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6 ways to grow your online sales with Pinterest


A picture is worth a thousand words but with the growth of social media it’s hard to choose the best platform. There is one channel that delivers more than others when it comes to images – Pinterest. What’s more, according to this Hubspot blog infographic, “clicks on Pinterest generate four times more revenue than Twitter.” Pinterest is therefore a gift to those marketing their online retail sites.
 
Review these quick points to getting your products pinned and repinned!
 
  1. Build buttons and widgets
To benefit from traffic referrals from Pinterest, your products must first establish a presence on the platform. Pinterest helps you to do this with a range of buttons and widgets you can feature on your ecommerce site. You can choose from a Follow button, the standard Pin It button – which is constantly visible and is suitable for both regular and mobile browsing – or the On Hover Pin It button – which stays invisible until someone mouses over the image. You can also add pin, profile and board widgets to your site, whichever of these is most relevant to the page content. Buttons and widgets are easy to install and Pinterest gives full instructions. Everything pinned and repinned from your site will link directly back to it and encourage more of that all-important page traffic.
 
  1. Balance your boards
While Pinterest can be a great source of potential business, it is still a social network and this means that its users can easily become disengaged by brands over-promoting themselves. Maintain a sense of balance with your boards. The most successful companies on Pinterest tend to keep roughly 40% of their boards motivational and inspiring, 40% instructional and educational and only 20% directly about their brand.
 
However, while it’s important to keep marketing subtle on Pinterest, this should never be to the detriment of your brand image. Pinners should be able to recognise what your area of expertise is as soon as they click on your profile. Don’t obscure your message by pinning too much content that falls outside your remit.
 
  1. Trendwatch
Keep tabs on what’s popular on Pinterest and if there’s something trending that relates to your brand, maximise your engagement with it by pinning, repinning, liking pins and commenting on them to increase brand exposure and your following. Always bear in mind what areas of interest resonate with your specific audience and keep your Pinterest activity relevant.
 
While summer dessert recipes and DIY nail foiling may be shared often, if you’re selling furniture (for example) jumping on these irrelevant bandwagons won’t do your brand integrity any favours. Don’t go chasing every trend in the hope of bagging yourself repins and followers.
 
  1. Do your homework
There’s been some great research done into pinning habits. The most popular areas have been recognised as fashion, food and drink, architecture and interior design, weddings, technology, sports, health and beauty, home improvement, toys, and travel. Try to relate your product descriptions to these topics where possible (you’re bound to fit into at least one of those areas!), and use keywords and hashtags that are commonly used.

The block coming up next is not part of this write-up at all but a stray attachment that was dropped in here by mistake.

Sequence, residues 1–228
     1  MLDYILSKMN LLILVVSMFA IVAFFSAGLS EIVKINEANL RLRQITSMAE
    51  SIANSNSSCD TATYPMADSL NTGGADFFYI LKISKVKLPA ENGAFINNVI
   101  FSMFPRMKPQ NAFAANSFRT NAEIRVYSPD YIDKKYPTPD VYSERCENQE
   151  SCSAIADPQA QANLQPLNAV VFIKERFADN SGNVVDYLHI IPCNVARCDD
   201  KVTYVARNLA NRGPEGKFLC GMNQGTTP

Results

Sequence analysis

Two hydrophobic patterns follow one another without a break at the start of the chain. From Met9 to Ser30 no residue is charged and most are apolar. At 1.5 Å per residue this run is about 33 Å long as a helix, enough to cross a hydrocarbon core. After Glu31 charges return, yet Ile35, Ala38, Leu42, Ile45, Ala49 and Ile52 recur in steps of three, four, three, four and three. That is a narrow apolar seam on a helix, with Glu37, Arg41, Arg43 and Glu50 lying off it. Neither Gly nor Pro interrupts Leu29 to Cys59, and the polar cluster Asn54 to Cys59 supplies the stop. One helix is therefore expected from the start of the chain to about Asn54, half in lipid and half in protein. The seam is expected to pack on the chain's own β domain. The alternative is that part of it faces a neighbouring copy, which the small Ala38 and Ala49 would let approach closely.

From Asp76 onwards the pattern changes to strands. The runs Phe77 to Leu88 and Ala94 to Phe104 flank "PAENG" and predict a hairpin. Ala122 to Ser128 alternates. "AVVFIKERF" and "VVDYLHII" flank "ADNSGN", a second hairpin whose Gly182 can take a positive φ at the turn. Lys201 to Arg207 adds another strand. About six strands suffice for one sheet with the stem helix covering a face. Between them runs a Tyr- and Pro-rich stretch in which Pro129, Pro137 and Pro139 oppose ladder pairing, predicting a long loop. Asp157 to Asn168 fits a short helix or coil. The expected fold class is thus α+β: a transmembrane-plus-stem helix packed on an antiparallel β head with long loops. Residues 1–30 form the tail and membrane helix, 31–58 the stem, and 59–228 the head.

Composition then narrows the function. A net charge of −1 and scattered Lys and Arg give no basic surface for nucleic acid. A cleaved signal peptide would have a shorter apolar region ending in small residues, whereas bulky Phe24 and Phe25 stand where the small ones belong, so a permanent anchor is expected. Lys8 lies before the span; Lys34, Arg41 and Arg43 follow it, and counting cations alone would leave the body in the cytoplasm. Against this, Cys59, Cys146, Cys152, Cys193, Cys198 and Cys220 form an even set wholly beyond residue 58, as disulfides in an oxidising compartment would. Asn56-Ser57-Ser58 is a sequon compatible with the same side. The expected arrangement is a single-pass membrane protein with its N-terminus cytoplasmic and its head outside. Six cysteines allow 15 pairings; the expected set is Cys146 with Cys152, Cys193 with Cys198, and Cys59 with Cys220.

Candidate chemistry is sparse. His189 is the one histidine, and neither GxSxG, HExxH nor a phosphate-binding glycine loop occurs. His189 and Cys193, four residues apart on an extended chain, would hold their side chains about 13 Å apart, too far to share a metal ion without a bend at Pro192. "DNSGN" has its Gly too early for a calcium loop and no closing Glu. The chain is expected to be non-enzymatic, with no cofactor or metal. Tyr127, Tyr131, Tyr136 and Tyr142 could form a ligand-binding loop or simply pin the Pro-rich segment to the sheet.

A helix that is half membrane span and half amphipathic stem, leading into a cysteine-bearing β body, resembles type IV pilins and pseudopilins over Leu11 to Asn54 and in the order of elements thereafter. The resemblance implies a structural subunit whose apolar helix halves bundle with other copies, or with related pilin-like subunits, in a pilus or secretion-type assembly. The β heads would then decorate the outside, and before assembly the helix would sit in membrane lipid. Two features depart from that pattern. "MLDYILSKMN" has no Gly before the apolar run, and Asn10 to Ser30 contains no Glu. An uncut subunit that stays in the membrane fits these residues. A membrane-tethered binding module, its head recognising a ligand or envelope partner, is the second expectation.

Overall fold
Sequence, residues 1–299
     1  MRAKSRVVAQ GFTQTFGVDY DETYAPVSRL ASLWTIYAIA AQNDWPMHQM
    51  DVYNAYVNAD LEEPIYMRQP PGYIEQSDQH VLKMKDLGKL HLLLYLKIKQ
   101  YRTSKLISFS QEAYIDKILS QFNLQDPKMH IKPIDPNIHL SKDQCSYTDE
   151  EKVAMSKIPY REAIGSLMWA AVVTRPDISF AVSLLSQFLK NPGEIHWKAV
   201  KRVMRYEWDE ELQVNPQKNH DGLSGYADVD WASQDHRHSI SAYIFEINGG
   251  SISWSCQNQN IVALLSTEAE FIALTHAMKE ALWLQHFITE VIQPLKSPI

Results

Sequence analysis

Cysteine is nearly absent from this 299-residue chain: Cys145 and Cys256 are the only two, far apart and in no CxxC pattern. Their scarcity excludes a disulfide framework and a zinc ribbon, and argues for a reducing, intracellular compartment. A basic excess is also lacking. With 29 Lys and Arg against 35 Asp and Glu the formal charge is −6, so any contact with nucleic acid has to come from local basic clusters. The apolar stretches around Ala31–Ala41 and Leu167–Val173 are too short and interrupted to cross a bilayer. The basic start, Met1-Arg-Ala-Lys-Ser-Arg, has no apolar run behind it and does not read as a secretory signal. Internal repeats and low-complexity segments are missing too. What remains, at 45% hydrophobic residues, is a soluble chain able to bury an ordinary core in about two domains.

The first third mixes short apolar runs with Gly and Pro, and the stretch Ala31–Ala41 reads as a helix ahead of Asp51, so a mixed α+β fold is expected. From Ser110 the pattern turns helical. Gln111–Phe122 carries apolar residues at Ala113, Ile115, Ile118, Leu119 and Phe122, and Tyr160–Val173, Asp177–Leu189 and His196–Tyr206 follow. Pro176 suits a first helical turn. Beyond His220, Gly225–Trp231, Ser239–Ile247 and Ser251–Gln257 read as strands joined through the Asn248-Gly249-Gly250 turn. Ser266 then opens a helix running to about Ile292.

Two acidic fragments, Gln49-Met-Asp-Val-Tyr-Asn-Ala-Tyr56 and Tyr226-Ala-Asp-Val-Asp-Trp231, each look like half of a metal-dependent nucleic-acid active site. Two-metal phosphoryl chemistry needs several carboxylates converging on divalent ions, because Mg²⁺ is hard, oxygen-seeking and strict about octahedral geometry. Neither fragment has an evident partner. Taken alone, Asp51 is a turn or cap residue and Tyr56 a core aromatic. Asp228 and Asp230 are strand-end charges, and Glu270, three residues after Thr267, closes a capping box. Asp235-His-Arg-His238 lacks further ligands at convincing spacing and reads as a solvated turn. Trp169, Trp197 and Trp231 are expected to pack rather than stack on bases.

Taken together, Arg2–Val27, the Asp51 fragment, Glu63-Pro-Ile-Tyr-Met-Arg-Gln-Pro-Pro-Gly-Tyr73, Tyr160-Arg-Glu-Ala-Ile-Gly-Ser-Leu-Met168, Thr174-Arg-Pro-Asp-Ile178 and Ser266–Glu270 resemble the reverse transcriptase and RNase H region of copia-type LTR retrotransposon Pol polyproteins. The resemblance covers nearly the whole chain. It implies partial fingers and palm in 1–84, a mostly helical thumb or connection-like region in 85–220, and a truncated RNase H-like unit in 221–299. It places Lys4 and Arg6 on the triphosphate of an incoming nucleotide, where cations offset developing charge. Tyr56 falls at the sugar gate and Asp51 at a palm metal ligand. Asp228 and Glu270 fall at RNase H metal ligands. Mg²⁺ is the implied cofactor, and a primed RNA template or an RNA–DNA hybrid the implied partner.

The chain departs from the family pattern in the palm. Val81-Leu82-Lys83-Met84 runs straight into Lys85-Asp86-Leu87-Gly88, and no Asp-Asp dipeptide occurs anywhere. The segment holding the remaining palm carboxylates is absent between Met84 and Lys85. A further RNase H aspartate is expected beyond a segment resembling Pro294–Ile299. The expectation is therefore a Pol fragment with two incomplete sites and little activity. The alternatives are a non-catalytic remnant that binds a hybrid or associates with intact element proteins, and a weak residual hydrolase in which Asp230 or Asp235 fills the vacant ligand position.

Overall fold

Look into stats that relate specifically to your pinning activity. For example, images without faces receive 23% more repins than those with faces, pins with multiple dominant colours are repinned 3.25 times more than those dominated by a single colour, taller images are more likely to be repinned, and 2 to 4 pm and 8 to 11 pm are roughly the best times to pin. These insights can be used to inform your Pinterest strategy.
 
  1. Engage with influencers
Like every social network, Pinterest has communities of key influencers for each area of interest. It makes good business sense to begin relationships with these users. Spend a bit of time researching keen pinners in your specific field who already have the attention of your target consumers, and then identify those who have the most followers. Follow them, repin their content and make thoughtful and positive comments on their boards. All this will help to get them interested in your company and encourage them to repin your content and boost your exposure to their valuable following.
 
  1. Use rich pins
Rich Pins include extra information on the pin itself to maximise pinner engagement. There are six types of Rich Pins: app, movie, recipe, article, product and place. To get started, you'll need to prepare your website with meta tags, test out your Rich Pins and apply to get them on Pinterest. You might want to ask your developer or site owner to help. Pinterest is also getting ready to launch its Promoted Pin service for UK businesses, so watch this space for more marketing opportunities through Pinterest…
 
Because of Pinterest’s powerful reach you could soon find yourself selling internationally, so it’s important your business is ready for this. Part of that is managing payments in foreign currencies. At Currencies Direct we offer better rates than the banks do and provide sellers with an effective international cash management solution. Companies who sell internationally can use e-tailer Collection Accounts to gather their marketplace sales proceeds and withdraw money when it suits them. 

We’re ready to discuss the best way for you to receive your marketplace sales. Call us on +44 (0) 20 7847 9269, or find out more at currenciesdirect.com/etailers. You can also register and save up to 3% of the total sales value on exchange rates.*

 
* Rates as at 18 February 2015
 

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